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Tory Islamophobia: Equality watchdog gives party one month to respond to complaints

Equality and Human Rights Commission will then decide whether to take any further action

Alessio Perrone
Friday 17 May 2019 17:32 BST
A general view of two Muslim women and a child in London
A general view of two Muslim women and a child in London (PA)

The equality watchdog has written to the Conservative Party asking for more information following complaints about Islamophobia in the party.

The Equality and Human Rights Commission (EHRC) has given the Tories one month to respond to the request for information about the complaints, ITV News first reported on Thursday, before it decides whether to take the case further.

The EHRC said in a statement that the letter was part of their “standard process” to assess complaints.

A Conservative spokesperson said: “The Conservative Party will always be happy to work with organisations who support equality, tolerance and human rights.”

The letter comes amid a recent Islamophobia row within the party.

In March this year, the Tories were accused of trying to “sweep Islamophobia under the carpet” after quietly reinstating 15 councillors who had been suspended over racist or prejudiced social media posts.

Racist comments were posted on a pro-Jacob Rees-Mogg Facebook group, including calls for Muslims to be “turfed out of public office”, for the government to get rid of all mosques and calling home secretary Sajid Javid a “Trojan horse”.

Last year, more than 350 mosques and Muslim organisations urged the Conservatives to launch an internal inquiry into Islamophobia claims. Former Conservative chairperson Baroness Warsi also called the Conservatives to launch an independent inquiry into Islamophobia in the party.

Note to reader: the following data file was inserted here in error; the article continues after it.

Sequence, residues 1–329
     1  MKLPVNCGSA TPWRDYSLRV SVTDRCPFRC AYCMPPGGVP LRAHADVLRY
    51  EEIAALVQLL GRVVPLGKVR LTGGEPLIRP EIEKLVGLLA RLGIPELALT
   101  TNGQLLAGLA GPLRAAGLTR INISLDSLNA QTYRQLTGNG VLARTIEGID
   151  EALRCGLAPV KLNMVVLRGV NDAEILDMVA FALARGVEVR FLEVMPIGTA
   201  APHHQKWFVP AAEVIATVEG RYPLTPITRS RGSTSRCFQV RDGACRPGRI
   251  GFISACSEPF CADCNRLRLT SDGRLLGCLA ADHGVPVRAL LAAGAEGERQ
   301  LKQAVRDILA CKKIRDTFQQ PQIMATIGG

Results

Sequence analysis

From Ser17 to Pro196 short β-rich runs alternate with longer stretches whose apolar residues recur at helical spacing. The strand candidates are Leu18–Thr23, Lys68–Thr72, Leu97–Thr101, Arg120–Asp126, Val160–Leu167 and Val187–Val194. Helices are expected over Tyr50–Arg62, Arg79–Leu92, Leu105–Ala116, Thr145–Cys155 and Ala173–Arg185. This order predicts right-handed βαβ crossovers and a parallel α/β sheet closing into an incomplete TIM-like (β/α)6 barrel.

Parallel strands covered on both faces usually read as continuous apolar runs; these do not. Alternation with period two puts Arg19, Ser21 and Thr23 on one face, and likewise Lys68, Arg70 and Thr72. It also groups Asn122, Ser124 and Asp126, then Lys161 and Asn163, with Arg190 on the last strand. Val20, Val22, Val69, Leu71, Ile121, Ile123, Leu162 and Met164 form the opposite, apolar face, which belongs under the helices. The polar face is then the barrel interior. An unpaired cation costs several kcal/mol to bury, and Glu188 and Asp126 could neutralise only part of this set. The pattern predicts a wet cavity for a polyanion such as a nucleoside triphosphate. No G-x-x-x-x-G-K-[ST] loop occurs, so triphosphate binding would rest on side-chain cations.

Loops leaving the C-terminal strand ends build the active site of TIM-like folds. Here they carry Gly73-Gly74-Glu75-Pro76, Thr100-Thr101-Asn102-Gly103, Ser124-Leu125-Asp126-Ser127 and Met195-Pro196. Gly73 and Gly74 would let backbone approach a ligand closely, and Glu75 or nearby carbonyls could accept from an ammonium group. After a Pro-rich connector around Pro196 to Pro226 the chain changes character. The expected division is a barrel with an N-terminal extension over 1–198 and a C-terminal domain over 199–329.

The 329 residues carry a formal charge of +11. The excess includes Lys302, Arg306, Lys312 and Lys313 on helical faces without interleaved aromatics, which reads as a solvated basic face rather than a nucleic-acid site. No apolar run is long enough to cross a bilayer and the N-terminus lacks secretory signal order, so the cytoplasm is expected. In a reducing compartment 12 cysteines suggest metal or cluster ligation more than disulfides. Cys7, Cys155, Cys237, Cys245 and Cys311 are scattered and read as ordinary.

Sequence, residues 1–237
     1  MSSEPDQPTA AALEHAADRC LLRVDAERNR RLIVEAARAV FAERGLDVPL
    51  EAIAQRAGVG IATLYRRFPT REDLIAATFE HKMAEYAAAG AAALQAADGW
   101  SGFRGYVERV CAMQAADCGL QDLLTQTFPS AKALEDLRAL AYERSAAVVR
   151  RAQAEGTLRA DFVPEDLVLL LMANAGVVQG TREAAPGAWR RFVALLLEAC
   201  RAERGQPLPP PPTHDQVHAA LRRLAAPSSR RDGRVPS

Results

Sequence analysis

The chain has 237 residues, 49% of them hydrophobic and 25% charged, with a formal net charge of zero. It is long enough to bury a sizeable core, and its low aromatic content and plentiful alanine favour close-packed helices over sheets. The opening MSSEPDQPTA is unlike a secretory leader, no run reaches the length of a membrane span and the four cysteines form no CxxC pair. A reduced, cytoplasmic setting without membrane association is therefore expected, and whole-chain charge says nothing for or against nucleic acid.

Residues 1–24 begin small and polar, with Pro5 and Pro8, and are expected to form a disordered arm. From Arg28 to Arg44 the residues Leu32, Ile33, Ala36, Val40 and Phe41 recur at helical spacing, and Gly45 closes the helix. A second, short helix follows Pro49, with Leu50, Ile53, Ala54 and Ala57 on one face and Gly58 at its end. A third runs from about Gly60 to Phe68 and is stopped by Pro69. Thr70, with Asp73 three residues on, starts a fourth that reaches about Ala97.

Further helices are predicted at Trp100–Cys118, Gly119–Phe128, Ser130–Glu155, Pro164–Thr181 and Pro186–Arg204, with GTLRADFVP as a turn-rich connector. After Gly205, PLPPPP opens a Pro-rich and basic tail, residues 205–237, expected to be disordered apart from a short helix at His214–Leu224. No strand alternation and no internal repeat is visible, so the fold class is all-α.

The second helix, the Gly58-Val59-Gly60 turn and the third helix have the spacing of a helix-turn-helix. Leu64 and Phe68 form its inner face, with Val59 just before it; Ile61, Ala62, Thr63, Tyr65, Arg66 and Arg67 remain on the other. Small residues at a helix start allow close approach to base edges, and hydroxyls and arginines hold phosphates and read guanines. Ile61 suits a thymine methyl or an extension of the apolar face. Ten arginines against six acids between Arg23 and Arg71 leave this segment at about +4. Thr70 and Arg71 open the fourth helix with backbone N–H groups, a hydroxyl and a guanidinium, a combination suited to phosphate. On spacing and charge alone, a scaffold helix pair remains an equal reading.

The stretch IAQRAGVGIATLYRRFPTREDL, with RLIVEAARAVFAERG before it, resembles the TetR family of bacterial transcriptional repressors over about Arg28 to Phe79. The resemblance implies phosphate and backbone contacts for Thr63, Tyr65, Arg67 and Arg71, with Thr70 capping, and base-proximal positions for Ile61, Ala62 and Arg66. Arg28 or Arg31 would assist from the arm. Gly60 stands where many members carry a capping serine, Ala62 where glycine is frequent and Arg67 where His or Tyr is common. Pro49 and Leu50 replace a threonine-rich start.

The Conservatives recently faced criticism for refusing to adopt a definition of Islamophobia that classifies discrimination against Muslims as a form of racism.

The definition was put forward by the All-Party Parliamentary Group (APPG) on British Muslims and has been described as a necessity to root out far-right racism.

Speaking in the Commons, Labour’s Naz Shah, a Muslim MP, accused Conservatives of being a “party in denial” that is “not serious about the safety and security of British Muslims”.

“If it is down to women to define the experience of feminism, the experiences of people of colour to define racism, the experience of Jews to define antisemitism, the experience of the LGBTQ+ communities to define homophobia, I ask the minister how dare he tell the British Muslims that our experiences cannot define Islamophobia,” she said.

“If that isn’t a pernicious form of racism then what is it?”

Ms Shah also read a series of abusive messages she had received online and revealed she feared for her life.

“I ask, which Muslim’s life must go next for us to simply recognise and understand Islamophobia?” she said.

James Brokenshire, the communities secretary, told the House of Commons the APPG definition needed “more consideration”, was not in line with the Equality Act 2010, had “potential consequences for freedom of speech” and that the combination of race and religion would cause “legal and practical issues”.

The APPG definition has been accepted by a number of parties, including Labour, the Liberal Democrats, Plaid Cymru, Scottish National Party and Scottish Conservatives, and backed by 750 Muslim organisations and institutions.

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